A collaborative subcarrier allocation using the swarm intelligent. The scheme relies on the central controller to achieve the updated information of available subcarriers and the highest and lowest demands for each subcarrier. In other words, the nodes negotiate with the central controller iteratively in a negotiation phase. In each iteration, the nodes inform the central controller of their demand for a specific subcarrier. Then, the central controller broadcast a message indicating the highest and lowest demands for each subcarrier. Based on the feedback messages that occur several times in each negotiation phase, the nodes intelligently decide upon subcarriers.

A comparison between the capacity performance of OFDM-TDMA and OFDM-FDMA in a two-hop distributed network. The time frame is divided by two in OFDM-TDMA. In each half of the time frame, all subcarriers are devoted for transmission over one hop. A power allocation algorithm is proposed to maximize the end-to-end capacity subject to the overall transmit power constraint of the two hops. For OFDM-FDMA, the subcarriers are assigned to the two hops without overlapping and a joint subcarrier and power allocation algorithm is proposed. The simulation performance results of the algorithms show that OFDM-FDMA achieves a higher end-to-end capacity than OFDM-TDMA.

Friday, December 24, 2010


Resource allocation is one of the major tasks of MAC because the medium access mechanisms of MAC directly affect the spectrum and power utilization. Accordingly, the MAC sublayer specifications in the IEEE 802.16 standard, relevant to our discussion in the next section, are introduced in the following.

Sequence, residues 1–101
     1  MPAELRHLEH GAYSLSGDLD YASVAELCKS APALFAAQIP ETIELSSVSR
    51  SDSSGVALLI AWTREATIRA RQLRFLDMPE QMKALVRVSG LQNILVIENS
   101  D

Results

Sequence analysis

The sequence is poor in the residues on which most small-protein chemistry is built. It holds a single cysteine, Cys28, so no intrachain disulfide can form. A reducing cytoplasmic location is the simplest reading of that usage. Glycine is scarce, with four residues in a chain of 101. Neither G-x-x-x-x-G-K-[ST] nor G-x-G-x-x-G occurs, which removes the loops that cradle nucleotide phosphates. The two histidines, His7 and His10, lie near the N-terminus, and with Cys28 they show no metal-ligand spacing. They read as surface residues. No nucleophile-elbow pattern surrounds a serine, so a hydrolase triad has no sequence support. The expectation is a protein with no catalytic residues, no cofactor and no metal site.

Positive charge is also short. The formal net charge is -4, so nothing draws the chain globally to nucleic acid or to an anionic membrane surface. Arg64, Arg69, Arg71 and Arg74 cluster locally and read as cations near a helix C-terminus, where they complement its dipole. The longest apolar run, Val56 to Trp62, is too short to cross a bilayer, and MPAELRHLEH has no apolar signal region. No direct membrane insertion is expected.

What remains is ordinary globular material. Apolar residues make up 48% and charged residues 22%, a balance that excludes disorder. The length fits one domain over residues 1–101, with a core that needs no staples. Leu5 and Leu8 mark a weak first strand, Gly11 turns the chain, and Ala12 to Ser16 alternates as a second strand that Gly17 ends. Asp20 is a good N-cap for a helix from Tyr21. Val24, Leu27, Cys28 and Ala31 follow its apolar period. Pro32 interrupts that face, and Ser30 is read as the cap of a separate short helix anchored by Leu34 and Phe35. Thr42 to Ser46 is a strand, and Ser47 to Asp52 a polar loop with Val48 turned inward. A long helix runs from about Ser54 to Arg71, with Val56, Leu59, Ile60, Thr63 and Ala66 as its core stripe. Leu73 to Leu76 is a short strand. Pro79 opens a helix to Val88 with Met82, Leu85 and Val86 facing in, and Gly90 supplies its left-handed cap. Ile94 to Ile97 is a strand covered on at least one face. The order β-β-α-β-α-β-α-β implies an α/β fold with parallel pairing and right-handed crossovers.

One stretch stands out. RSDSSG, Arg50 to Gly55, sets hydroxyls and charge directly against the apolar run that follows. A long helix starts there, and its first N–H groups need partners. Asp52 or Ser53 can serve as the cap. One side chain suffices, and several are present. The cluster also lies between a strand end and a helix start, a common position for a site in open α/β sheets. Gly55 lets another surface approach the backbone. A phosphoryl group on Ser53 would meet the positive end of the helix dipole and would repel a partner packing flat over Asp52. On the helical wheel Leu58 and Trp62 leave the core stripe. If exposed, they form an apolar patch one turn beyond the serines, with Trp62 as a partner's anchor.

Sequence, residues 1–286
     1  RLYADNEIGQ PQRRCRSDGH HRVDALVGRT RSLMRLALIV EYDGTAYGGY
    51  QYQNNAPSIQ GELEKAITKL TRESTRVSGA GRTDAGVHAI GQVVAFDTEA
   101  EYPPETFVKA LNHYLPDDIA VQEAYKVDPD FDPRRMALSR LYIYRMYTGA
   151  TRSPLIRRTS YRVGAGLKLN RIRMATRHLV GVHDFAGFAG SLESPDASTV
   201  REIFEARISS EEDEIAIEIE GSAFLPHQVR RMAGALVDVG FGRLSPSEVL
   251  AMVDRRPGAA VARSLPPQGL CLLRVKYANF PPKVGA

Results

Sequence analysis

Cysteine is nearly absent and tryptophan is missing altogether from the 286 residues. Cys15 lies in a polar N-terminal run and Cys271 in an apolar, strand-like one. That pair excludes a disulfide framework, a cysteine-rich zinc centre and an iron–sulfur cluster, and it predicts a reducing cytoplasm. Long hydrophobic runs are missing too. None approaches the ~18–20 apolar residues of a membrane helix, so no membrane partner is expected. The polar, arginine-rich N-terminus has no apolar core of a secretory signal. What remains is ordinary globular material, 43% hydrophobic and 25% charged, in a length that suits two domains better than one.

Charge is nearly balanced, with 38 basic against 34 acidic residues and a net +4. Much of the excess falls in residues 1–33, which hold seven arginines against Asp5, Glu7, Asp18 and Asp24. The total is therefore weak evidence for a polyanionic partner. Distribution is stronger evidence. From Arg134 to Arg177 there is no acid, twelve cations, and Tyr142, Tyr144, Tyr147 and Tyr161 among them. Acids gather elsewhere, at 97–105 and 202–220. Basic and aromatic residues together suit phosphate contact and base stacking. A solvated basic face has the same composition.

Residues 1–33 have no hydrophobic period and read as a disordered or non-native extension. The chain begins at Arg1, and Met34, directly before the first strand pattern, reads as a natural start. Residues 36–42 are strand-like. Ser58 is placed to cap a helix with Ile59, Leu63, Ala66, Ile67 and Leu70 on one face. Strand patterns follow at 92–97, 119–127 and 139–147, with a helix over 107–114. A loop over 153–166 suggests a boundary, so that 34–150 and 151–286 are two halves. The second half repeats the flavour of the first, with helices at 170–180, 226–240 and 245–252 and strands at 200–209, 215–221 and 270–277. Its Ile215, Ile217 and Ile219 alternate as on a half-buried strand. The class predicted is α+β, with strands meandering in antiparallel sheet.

Despite the advantages of OFDM in mitigating the channels’s impairments as mentioned before, underutilization of transmitter power and network subcarriers is its disadvantage. When an OFDM transmitter accesses the channel in a time division manner, e.g., time division multiple access (TDMA), the transmitter is forced to transmit on all available subcarriers Nsc, although it may require a less number of subcarriers to satisfy its transmission rate requirement. Consequently, the transmitter power consumption increases as the number of subcarriers increases. This disadvantage motivates the development of a PHY technology where transmitters are multiplexed in time and frequency, i.e., OFDMA. In such a technology, the users are exclusively assigned a subset of the network available subcarriers in each time slot. The number of both time slots and subcarriers can be dynamically assigned to each user; this is referred to as dynamic subcarrier assignment which introduces multiuser diversity. The multiuser diversity gain arises from the fact that the utilization of given resources varies from one user to another. A subcarrier may be in deep fading for one user  while it is not for another user (e.g., the same subcarrier for user O). Allocating this particular subcarrier to the user with higher channel gain permits higher transmission rate. To achieve multiuser diversity gain, a scheduler at the MAC sublayer is required to schedule users in appropriate frequency and time slots.